Australia: The Land Where Time Began

A biography of the Australian continent 

 

Subsurface Barrier Layer Thickness

When the top of the thermocline is higher in the water column than the top of the halocline the ocean's surface layer, above the thermocline, is separated into 2 layers, the surface mixed layer and the subsurface, the so-called barrier layer after (Godfrey & Lindstrom, 1989; also section 3.3 in Lucas & Lindstrom, 1991; Sprintall & Tomczak, 1992). Then the temperature in the barrier layer is equal to, or sometimes higher than, that of the surface mixed layer, the stability of the water column being controlled by the salinity stratification. There are strong consequences on the air-sea interactions of this barrier layer as it insulates thermodynamically the deep, cold ocean water from the atmosphere, their thickness being a proxy of the amplitude of their thermodynamic barrier effect.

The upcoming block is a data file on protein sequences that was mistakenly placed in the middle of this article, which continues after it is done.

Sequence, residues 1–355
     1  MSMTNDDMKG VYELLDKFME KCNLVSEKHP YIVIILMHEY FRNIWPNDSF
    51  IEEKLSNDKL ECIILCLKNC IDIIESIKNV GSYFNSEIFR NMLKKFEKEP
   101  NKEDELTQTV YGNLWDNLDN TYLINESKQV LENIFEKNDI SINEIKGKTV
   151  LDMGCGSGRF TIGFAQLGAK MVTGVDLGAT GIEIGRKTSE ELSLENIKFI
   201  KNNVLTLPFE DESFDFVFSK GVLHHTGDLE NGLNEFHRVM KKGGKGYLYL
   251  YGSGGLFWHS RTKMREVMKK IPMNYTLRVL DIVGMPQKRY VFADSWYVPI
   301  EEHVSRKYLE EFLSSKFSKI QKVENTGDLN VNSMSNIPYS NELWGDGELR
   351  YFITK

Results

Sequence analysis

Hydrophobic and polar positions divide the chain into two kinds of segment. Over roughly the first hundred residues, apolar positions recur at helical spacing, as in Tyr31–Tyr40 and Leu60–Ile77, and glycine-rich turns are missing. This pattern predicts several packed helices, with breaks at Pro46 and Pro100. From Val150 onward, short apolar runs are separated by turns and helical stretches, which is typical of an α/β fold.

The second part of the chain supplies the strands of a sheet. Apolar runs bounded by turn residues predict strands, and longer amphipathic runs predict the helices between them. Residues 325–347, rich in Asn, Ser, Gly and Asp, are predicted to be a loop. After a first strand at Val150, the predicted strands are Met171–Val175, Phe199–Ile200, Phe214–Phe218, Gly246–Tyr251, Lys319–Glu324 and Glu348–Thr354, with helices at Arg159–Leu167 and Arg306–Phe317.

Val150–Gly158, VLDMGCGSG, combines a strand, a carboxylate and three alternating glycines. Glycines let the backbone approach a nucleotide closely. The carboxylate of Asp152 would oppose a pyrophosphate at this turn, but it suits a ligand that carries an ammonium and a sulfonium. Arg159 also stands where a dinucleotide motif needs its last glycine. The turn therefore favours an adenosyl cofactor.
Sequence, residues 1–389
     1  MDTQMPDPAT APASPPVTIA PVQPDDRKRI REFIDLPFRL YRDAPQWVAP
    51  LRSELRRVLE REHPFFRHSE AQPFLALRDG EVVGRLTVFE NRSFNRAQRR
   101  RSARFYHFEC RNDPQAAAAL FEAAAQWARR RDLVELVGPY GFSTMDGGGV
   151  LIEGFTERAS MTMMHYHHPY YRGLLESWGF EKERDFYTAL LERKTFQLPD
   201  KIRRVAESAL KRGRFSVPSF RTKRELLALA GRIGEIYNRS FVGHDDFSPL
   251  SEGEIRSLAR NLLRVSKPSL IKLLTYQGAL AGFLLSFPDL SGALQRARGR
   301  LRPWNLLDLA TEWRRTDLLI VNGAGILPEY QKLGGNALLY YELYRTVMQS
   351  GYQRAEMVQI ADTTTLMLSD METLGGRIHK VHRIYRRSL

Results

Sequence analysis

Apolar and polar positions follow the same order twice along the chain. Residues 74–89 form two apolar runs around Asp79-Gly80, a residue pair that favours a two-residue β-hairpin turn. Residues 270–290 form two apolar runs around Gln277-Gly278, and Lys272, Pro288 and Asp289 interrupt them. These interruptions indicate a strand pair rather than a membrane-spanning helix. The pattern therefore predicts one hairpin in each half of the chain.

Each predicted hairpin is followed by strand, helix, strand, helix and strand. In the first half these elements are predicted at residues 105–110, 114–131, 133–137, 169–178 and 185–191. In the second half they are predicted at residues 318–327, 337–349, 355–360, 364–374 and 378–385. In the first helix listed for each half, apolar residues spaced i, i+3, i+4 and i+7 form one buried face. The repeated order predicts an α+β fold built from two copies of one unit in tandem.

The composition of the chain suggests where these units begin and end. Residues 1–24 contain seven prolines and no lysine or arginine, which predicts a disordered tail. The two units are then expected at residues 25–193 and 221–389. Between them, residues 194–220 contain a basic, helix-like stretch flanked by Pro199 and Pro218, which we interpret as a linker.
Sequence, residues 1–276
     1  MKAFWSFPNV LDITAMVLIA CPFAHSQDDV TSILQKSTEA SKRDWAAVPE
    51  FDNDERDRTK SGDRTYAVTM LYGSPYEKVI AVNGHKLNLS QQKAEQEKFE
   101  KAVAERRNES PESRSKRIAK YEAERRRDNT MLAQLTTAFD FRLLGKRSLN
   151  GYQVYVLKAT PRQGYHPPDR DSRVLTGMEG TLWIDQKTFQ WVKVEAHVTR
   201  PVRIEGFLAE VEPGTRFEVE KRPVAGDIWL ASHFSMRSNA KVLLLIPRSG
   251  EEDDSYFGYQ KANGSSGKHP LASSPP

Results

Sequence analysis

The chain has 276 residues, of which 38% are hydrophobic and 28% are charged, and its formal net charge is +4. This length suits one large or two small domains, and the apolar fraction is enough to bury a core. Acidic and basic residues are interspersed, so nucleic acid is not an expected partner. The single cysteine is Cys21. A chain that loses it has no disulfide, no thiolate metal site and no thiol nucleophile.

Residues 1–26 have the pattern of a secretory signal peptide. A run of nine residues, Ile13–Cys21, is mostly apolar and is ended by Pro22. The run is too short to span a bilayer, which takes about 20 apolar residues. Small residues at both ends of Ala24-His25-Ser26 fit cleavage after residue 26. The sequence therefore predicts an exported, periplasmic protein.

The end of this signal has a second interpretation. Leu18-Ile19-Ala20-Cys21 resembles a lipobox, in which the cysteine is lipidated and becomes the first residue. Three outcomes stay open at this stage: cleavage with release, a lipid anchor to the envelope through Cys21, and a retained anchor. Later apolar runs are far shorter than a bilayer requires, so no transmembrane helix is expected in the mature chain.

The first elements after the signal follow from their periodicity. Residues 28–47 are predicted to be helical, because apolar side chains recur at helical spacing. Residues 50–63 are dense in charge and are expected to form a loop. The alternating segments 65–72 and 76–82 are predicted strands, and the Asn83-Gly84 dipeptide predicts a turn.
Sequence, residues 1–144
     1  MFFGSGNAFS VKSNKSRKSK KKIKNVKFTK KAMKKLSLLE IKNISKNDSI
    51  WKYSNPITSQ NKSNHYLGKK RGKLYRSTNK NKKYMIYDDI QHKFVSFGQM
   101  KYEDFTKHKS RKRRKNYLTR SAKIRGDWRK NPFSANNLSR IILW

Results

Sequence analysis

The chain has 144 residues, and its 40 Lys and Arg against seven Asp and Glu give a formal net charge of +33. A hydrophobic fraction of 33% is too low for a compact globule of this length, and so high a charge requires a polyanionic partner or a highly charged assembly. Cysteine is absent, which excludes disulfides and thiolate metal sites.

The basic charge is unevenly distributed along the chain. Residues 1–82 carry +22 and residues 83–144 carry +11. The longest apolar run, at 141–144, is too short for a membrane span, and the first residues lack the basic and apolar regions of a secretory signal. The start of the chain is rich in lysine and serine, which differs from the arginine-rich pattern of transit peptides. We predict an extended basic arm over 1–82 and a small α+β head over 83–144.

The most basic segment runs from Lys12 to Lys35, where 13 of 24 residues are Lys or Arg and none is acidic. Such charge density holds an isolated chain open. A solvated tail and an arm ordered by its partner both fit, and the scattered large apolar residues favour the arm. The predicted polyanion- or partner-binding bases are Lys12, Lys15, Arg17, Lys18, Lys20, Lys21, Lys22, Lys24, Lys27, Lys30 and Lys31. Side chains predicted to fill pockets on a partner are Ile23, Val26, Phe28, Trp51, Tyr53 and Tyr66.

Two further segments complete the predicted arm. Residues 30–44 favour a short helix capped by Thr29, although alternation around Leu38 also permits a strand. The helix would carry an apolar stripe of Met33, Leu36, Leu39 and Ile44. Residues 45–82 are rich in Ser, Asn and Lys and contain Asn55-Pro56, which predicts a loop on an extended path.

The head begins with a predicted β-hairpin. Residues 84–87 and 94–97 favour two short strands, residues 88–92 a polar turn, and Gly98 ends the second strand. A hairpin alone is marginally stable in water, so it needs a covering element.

The subsurface barrier layer temperatures (BLT) are estimated directly from instantaneous profiles with data at observed levels, as is done with the surface mixed layer depths. The authors1 define the BLT as an individual station measuring both temperature and depth, following most previous authors, through 2 depths described above (e.g. Vialard & Delecluse, 1998; Cronin & McPhaden, 2002).

Sources & Further reading

  1. Ifremer  French Research Institute for Exploration of the Sea
Author: M. H. Monroe
Email:  admin@austhrutime.com
Last updated  30/12/2013

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                                                                                           Author: M.H.Monroe  Email: admin@austhrutime.com     Sources & Further reading